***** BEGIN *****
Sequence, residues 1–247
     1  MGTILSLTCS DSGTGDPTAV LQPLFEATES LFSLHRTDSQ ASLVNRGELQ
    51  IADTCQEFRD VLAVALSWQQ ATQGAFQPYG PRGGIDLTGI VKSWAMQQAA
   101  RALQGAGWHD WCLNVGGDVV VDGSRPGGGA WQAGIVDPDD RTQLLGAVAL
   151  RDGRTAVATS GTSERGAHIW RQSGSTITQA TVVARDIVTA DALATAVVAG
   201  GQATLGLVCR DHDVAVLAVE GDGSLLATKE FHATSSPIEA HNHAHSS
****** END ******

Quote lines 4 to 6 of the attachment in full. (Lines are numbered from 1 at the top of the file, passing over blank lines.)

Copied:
   101  RALQGAGWHD WCLNVGGDVV VDGSRPGGGA WQAGIVDPDD RTQLLGAVAL
   151  RDGRTAVATS GTSERGAHIW RQSGSTITQA TVVARDIVTA DALATAVVAG
   201  GQATLGLVCR DHDVAVLAVE GDGSLLATKE FHATSSPIEA HNHAHSS